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Nurse v. Atlantic County Government

SUPERIOR COURT OF NEW JERSEY APPELLATE DIVISION


June 3, 2008

RONALD A. NURSE, PLAINTIFF-APPELLANT,
v.
ATLANTIC COUNTY GOVERNMENT, FORREST GILMORE, DIRECTOR OF THE ONE STOP JOB CENTER AND ATLANTIC COUNTY DEPT. OF FAMILY AND COMMUNITY DEVLOPMENT, DEFENDANTS-RESPONDENTS.

On appeal from Superior Court of New Jersey, Law Division, Atlantic County, Docket No. L-2424-07.

Per curiam.

NOT FOR PUBLICATION WITHOUT THE APPROVAL OF THE APPELLATE DIVISION

Submitted May 20, 2008

Before Judges Coburn and Chambers.

Plaintiff Ronald A. Nurse contends that on June 28, 2007, he was banned from Atlantic County One Stop Job Center because he had exceeded his allotted two hours on the computer by four minutes. As a result, he has brought this lawsuit against defendants Atlantic County, Forrest Gilmore as director of One Stop Job Center, and the Atlantic County Department of Family and Community Development. On October 19, 2007, the trial court granted defendants' motion to dismiss the complaint because plaintiff did not file a timely tort claims notice in accordance with N.J.S.A. 59:8-8. Plaintiff appeals this ruling.

In resolving this appeal, we must distinguish the tort claims from the constitutional claims. Unfortunately, neither party has provided this court with a copy of the complaint, but from the description in the papers it appears that the complaint contains some tort claims, such as malicious abuse of process, and some federal constitutional claims, such as violations of plaintiff's due process rights under the Fourteenth Amendment.

The federal constitutional claims must be reinstated, since a state notice of claim statute may not impair federal constitutional rights. Greenway Dev. Co. v. Borough of Paramus, 163 N.J. 546, 558 (2000) ("[A] state's notice of claim provision in a tort claims act does not apply to an action brought in state court alleging violations of federal constitutional rights under 42 U.S.C.A. § 1983." (citing Felder v. Casey, 487 U.S. 131, 138, 108 S.Ct. 2302, 2307, 101 L.Ed. 2d 123, 137-38 (1988))).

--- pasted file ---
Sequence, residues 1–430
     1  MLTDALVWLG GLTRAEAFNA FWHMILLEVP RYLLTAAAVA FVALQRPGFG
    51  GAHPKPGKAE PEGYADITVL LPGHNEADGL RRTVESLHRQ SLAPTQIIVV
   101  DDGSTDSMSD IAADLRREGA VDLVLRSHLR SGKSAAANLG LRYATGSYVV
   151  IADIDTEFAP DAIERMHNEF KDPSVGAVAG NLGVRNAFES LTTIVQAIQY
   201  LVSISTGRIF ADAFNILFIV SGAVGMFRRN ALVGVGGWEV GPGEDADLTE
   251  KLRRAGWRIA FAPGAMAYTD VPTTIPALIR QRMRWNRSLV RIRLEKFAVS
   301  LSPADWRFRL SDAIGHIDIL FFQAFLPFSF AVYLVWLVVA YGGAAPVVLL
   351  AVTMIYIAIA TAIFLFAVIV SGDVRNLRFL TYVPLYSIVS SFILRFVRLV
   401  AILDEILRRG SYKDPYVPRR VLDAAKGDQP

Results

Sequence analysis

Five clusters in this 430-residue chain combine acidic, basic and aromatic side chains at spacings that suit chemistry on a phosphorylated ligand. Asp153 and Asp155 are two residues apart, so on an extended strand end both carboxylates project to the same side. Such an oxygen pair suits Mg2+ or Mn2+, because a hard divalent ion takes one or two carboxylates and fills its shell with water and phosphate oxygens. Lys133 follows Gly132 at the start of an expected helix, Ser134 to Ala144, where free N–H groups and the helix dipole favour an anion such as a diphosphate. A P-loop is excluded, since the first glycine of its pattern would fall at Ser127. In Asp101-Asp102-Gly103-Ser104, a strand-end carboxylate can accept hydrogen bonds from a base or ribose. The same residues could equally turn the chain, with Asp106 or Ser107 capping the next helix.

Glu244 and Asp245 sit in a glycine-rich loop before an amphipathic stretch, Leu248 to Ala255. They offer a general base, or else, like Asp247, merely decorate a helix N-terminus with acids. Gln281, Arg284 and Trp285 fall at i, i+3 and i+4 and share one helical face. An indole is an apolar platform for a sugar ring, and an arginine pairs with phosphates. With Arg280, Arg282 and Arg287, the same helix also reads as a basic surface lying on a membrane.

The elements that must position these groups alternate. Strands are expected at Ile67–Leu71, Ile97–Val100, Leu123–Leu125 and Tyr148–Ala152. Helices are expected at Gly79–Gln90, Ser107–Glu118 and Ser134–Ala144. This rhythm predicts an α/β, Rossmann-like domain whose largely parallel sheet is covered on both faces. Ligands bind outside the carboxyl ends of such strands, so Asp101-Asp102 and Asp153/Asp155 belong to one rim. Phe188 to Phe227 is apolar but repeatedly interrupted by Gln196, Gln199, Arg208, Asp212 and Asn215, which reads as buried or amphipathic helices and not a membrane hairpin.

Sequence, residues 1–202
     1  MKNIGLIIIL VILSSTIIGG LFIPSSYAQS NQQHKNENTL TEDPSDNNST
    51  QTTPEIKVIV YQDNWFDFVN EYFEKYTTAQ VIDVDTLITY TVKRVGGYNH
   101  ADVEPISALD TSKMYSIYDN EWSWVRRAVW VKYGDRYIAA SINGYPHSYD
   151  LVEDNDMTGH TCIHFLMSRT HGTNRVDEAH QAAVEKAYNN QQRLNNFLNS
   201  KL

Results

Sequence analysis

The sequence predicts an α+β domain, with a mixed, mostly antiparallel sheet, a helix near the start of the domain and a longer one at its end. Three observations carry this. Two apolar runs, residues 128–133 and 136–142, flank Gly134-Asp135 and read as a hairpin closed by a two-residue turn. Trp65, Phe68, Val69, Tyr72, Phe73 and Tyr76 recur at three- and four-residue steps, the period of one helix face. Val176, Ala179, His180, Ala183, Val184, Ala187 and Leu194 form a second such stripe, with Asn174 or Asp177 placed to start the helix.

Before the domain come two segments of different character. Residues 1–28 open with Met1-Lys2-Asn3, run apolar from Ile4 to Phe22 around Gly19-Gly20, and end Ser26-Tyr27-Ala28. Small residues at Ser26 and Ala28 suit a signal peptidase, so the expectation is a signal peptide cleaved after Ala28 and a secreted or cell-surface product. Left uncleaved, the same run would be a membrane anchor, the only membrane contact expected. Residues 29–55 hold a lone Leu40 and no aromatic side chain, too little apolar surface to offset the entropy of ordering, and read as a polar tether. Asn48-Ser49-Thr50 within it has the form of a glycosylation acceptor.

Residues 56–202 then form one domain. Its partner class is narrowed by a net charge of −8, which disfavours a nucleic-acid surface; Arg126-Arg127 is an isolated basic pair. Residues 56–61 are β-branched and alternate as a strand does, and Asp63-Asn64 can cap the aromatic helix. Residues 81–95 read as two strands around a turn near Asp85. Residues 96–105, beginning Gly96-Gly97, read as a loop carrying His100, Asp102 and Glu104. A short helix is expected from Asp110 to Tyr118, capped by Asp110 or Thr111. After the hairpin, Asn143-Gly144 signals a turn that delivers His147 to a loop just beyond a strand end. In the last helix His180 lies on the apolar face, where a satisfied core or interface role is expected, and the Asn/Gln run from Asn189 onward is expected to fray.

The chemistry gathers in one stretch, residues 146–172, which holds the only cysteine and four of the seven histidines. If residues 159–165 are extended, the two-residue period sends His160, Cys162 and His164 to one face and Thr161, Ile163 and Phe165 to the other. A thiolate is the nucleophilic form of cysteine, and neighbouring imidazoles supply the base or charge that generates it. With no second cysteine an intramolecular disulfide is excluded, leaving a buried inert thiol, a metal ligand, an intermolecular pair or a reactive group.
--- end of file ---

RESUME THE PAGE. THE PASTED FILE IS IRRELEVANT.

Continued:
The tort claims, on the other hand, were properly dismissed. The New Jersey Tort Claims Act allows tort claims to be brought against public entities and public employees provided a notice of claim is filed with the appropriate public entity within ninety days of the accrual of the claim. N.J.S.A. 59:8-7 and 59:8-8. Plaintiff failed to file a notice of claim with Atlantic County within this time frame. Plaintiff contends that he did file a notice of claim, but with Atlantic City rather than Atlantic County. However, at the October 19, 2007 hearing, the trial court had an exhibit consisting of a letter dated September 19, 2007, indicating that plaintiff had filed the notice of claim with the State Department of Treasury. Either way, the record is undisputed that no timely notice of claim was filed with the County. No action may be brought against a public entity or a public employee unless the notice of claim is filed in accordance with the statute. N.J.S.A. 59:8-3 and 59:8-8. Accordingly, the trial court's dismissal of those causes of actions sounding in tort was correct.

We also note that the trial court's order of October 19, 2007, expressly states that the dismissal is without prejudice. Thus, plaintiff was not precluded from seeking permission to file a late notice of claim under N.J.S.A. 59:8-9.

For these reasons, we affirm the dismissal of all tort claims, and reverse the dismissal of all constitutional claims.

20080603

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